It’s all gone now. I caught Newcastle on the cusp, really. It was changing from a place of abject poverty to a slick, gentrified city. If you go there now the full gentrification has happened. I’m glad for Newcastle, because it was a pretty desperate place when I filmed it.
NOTEBOOK: Get Carter has been read so many different ways: as a crime thriller, a social realist drama, a portrait of social and national decay. I’m curious how you view the film, and if that’s changed at all over the years.
HODGES: I think it’s still the same in many ways. I’d worked on World in Action, the famous investigative documentary series on British television, and I knew that the version of Britain that viewers were being shown on TV wasn’t the one that I saw. I witnessed a lot of corruption. People thought the police were wonderful and fraud was only something committed by foreigners. Well, I knew this was totally wrong. It was interesting that when I went to Newcastle, T. Dan Smith was the mayor, a socialist who two years after we made the film ended up in the slammer for massive fraud. So the smell of corruption was there when I was shooting.
NOTEBOOK: The film’s visual style—that long-lensed, journalistic approach—is there in your excellent ITV films Suspect (1969) and Rumour (1970). How did yours and cinematographer Wolfgang Suschitzky’s background in documentary filmmaking influence the look of Get Carter?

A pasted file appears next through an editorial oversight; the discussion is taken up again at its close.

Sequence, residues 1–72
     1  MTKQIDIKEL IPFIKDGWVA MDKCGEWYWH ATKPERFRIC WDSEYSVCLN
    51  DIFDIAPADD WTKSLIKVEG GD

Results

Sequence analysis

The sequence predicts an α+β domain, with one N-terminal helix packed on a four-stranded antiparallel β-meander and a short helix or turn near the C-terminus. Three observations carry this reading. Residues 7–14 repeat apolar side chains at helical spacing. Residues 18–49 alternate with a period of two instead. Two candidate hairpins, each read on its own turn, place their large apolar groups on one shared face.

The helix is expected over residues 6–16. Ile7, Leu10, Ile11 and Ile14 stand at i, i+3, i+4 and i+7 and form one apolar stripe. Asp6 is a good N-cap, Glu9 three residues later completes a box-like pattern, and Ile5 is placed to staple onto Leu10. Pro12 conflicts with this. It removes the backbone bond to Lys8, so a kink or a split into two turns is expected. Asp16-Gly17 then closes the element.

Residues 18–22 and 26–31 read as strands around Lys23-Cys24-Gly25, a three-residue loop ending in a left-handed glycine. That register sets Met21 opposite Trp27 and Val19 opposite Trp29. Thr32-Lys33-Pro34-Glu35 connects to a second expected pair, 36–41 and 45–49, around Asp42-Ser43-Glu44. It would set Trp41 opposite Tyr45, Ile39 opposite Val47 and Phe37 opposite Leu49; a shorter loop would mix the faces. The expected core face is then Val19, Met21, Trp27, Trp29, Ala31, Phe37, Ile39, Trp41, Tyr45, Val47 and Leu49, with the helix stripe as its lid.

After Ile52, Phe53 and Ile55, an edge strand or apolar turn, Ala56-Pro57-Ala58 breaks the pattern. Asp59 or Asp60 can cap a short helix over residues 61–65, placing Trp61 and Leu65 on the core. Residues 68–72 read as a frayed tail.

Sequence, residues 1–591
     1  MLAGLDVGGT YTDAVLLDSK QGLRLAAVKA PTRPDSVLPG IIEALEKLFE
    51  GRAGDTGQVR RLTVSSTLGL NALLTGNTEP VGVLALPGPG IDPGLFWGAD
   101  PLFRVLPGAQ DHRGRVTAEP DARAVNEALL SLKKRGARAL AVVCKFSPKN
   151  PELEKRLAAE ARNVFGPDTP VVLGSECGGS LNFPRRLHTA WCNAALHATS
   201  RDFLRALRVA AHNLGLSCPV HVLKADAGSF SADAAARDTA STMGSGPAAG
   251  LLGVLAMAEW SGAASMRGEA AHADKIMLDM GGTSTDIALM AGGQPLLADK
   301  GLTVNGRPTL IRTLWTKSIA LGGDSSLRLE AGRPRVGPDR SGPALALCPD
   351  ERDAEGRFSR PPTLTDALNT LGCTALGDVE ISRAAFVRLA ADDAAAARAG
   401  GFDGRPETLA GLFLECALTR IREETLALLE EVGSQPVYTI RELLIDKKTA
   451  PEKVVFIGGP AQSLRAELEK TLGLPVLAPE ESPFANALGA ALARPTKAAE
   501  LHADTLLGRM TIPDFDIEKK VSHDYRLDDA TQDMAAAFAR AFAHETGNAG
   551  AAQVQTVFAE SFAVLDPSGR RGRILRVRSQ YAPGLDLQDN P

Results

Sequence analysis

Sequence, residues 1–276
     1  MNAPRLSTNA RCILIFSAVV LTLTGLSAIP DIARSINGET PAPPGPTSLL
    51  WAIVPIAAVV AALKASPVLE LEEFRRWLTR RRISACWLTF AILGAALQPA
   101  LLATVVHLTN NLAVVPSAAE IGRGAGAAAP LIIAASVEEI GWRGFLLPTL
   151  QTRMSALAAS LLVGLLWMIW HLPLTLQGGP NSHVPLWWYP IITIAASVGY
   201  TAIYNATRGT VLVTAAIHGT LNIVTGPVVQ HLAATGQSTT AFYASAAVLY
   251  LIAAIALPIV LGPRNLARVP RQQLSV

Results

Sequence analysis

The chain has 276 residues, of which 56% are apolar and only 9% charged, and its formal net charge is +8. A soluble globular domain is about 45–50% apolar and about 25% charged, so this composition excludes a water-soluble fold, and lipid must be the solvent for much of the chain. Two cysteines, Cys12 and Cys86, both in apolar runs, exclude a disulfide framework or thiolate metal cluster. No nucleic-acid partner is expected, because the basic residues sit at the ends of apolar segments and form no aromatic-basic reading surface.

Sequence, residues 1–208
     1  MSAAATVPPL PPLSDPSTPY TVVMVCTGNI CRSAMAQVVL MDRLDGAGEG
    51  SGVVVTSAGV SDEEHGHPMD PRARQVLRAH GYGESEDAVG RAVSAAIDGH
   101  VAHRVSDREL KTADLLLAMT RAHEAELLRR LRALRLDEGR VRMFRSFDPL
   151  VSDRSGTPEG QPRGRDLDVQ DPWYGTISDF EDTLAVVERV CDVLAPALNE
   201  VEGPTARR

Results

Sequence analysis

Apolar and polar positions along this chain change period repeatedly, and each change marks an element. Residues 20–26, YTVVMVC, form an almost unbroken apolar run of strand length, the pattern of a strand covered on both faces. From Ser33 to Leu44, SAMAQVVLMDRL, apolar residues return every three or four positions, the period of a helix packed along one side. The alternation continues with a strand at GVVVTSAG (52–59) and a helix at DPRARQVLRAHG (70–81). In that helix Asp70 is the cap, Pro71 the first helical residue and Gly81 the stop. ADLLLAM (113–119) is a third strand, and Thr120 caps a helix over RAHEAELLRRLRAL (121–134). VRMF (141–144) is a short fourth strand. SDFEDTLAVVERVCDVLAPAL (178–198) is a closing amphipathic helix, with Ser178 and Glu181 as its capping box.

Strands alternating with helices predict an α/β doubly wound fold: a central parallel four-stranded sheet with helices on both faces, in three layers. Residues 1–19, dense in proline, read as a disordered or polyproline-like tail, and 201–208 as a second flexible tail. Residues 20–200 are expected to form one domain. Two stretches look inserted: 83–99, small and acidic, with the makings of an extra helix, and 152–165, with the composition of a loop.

HODGES: I guess it was inevitable. When I made Rumour, which was the first feature-length film I made for television, the operator and lighting technician was a man named Dusty Miller, who I took as an operator onto Carter. When it came to making a film for cinema, the pedigree of the cinematographer was important, so I had to search around for someone I thought would be good. I was lucky that I remembered seeing an Anthony Newley film called The Small World of Sammy Lee (1963), but I had no idea who the cinematographer was. I looked at it again, and not only was it this amazing portrait of a lost Soho, but I discovered that it was shot by Wolfgang. Then it was simple. The two of us came together and it was a delight. I’ve just seen the new master of Carter and it’s just wonderful, it’s like seeing a different film.